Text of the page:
We cannot speak of the systematic extermination of millions of men, women, and children without mentioning his name—and yet people are no longer even sure what his first name was: Karl Adolf? Otto? It’s the simplest of questions yet it can still surprise us, long after we thought we’d established who he was. But are there really still such large gaps in our knowledge of a man who has been so thoroughly investigated for so many years, by both academics and the media? Adolf Eichmann’s fame surpasses even that of Heinrich Himmler and Reinhard Heydrich. So why write another book? It was the simplest of questions: I wanted to find out who knew Adolf Eichmann before Mossad famously snatched him from Argentina and put him before a court in Israel. Eichmann’s answer, given in Israel, is not hard to find: “Until 1946, I had next to no public profile, until Dr. Hoettl . . . branded me the murderer of 5 or 6 million Jews.” We should not be surprised to hear these words from an accused man—and this one in particular. Eichmann, after all, is famous for saying that he had been “just a small cog in Adolf Hitler’s extermination machine.” What is surprising is that, until now, the secondary literature on Eichmann has dutifully parroted this view. Other great controversies might surround the man behind the genocide, but everyone is agreed that until his trial in Jerusalem, the name Eichmann was known only to a small circle of people.
The suspicion that something was amiss, both in Eichmann’s story and in the research, arose when I started to read old newspapers. On May 23, 1960, the Israeli prime minister, David Ben-Gurion, unexpectedly announced to the world that Adolf Eichmann had been captured and was to stand trial. What followed was not a puzzled silence but pages and pages of detailed articles describing a man about whom, supposedly, very little was known, by very few people. A glance at some even older publications confirmed my suspicion unequivocally. Long before the start of his trial, this “unknown” man already had more nicknames than most other Nazis: Caligula; Czar of the Jews; Manager of the Holocaust; Grand Inquisitor; Engineer of the Jewish Genocide; the Final Solutionist; the Bureaucrat; the Mass Murderer. All these epithets were applied to Eichmann between 1939 and 1960. They didn’t arise after his arrest—they appeared long before that, in newspapers, pamphlets, and books.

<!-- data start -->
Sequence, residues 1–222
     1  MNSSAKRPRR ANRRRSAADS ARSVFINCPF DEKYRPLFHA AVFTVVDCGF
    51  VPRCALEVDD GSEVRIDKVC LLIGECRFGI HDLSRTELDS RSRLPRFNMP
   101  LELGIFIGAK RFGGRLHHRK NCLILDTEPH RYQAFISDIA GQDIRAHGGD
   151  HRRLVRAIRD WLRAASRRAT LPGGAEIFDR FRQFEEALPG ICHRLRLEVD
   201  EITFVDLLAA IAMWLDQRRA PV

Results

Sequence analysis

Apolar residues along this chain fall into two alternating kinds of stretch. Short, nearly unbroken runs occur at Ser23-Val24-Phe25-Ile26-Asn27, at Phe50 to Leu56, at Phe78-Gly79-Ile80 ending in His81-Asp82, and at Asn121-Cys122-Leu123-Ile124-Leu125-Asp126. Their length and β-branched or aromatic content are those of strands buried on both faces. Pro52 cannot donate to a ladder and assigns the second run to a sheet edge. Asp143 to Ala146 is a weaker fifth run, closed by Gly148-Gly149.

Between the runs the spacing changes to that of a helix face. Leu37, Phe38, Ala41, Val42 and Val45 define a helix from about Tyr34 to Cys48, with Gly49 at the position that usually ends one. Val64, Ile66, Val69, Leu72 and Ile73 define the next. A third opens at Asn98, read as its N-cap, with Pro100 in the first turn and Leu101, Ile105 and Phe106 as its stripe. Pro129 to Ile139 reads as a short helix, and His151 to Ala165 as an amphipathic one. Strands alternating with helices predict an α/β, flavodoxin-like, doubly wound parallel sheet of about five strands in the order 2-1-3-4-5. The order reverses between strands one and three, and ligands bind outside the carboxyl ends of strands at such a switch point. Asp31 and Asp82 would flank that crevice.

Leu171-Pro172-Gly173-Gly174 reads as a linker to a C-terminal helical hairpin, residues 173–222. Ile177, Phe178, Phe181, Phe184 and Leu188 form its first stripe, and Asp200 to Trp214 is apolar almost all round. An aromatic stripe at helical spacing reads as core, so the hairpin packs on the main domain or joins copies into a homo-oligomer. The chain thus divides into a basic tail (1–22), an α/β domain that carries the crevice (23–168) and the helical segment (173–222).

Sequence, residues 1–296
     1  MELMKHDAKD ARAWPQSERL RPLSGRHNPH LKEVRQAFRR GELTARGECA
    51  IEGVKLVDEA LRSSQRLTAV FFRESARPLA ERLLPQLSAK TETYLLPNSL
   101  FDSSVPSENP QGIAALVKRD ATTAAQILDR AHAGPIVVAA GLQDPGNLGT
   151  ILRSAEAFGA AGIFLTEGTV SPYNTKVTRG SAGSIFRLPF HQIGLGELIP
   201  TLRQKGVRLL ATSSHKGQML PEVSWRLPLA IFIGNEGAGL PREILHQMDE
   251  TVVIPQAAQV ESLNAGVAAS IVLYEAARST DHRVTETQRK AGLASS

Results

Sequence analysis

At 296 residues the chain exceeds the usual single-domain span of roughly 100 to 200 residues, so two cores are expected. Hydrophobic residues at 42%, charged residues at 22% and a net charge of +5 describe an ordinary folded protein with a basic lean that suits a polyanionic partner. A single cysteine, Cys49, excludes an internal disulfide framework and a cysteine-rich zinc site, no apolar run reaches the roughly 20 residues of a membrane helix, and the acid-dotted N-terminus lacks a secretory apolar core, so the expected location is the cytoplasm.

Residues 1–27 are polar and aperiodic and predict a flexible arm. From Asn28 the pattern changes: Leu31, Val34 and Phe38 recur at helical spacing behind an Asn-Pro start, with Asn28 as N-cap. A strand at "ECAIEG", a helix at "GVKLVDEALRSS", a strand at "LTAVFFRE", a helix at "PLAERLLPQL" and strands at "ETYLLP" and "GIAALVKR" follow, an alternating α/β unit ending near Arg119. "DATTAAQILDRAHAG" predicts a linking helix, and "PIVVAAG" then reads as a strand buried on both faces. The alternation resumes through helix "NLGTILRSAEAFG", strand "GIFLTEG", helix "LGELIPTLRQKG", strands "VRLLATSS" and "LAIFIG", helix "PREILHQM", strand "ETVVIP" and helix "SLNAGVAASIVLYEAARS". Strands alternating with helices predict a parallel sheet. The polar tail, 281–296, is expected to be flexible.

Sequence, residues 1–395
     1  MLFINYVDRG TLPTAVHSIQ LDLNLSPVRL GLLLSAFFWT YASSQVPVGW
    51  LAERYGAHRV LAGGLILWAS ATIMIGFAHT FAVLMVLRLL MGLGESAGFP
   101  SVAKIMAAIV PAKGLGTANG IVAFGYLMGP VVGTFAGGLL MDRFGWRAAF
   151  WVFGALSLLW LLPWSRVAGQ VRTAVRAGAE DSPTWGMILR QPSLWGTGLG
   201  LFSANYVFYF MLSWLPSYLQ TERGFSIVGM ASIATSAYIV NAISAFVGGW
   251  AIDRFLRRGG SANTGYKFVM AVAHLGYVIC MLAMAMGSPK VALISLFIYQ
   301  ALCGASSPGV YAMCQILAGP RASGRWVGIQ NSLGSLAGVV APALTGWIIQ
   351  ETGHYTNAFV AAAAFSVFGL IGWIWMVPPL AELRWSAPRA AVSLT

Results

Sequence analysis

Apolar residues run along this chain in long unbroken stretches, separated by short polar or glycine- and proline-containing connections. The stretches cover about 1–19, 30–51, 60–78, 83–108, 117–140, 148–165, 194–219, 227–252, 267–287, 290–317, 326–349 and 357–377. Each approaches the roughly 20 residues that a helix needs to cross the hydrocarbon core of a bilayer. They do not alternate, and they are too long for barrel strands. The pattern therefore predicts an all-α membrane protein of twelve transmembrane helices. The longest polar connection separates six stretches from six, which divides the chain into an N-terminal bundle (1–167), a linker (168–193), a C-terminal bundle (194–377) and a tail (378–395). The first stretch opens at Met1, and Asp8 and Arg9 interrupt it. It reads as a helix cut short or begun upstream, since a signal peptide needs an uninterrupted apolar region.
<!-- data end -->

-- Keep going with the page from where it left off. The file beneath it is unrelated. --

You have only to read these materials to find out exactly what people knew and thought about Eichmann, and when. During this period, only one group claimed, with equal unanimity, to know nothing about him. They were the postwar Nazis, his former colleagues, who were desperate to play down what they knew. But the evidence raises the questions: How did this knowledge come to be lost? How could a man cause himself to disappear, retrospectively, from the eyes of the world? The answer leads us to the problematic heart of the singular crime against humanity that we call the Holocaust, the Shoah, the extermination of the Jews.
We like to imagine criminals as shady figures, committing their crimes in secret, fearful of public judgment. When they are unmasked, we like to imagine a consistent reaction from the public, an instinctive wish to ostracize them and bring them to justice. The first attempts to consider the perpetrators of the disenfranchisement, expulsion, and murder of the European Jews were wholly in line with this cliché of shady characters, terrorizing their victims while society’s back was turned. But we have long since moved on from this vision of a small group of pathological, asocial freaks within an upstanding population who would have mounted a collective resistance, if only they had known what was going on. We now know a lot about how the National Socialist worldview functioned. We know about the dynamics of collective behavior and the impact of totalitarian regimes. We understand the influence that an atmosphere of violence can have, even on people with no particular inclination toward sadism, and we have explored the disastrous effect of the division of labor on people’s sense of individual responsibility. Of course, huge disagreement remains about where and how we should classify a perpetrator like Adolf Eichmann. Depending on whose account you read, he comes across variously as an ordinary man who was turned into a thoughtless murderer by a totalitarian regime; a radical anti-Semite whose aim was the extinction of the Jewish people, or a mentally ill man whose innate sadism was legitimated by the regime. We have a multitude of irreconcilable images of Eichmann, made even more so by the controversy around Hannah Arendt’s Eichmann in Jerusalem: A Report on the Banality of Evil. The public view, however, largely remains an empty shell. We are still missing a view of the “Eichmann phenomenon” before Jerusalem: the way Eichmann was perceived during the different periods of his life.
Jean-Jacques Rousseau tells us that in every assumption that leads to injustice, two parties are always involved: the person making the claim, and all the others who believe him. We can learn a good deal about the danger inherent in this curious collaboration by looking at the public perception of Adolf Eichmann. The greatest danger arises when someone has as clear an understanding of this collaboration as did the notorious “Adviser for Jewish Affairs.” For this reason, my book tells Eichmann’s story not as a chronological account of his crimes or his actions as they developed, but as a study of the impact he made: who knew Eichmann and when; what people thought of him and when; and how he reacted to what they thought and said. To what extent, I ask, was the Eichmann phenomenon shaped by his talent for self-dramatization? What did this role-playing contribute to his murderous career, and what can it contribute now to our understanding of his story?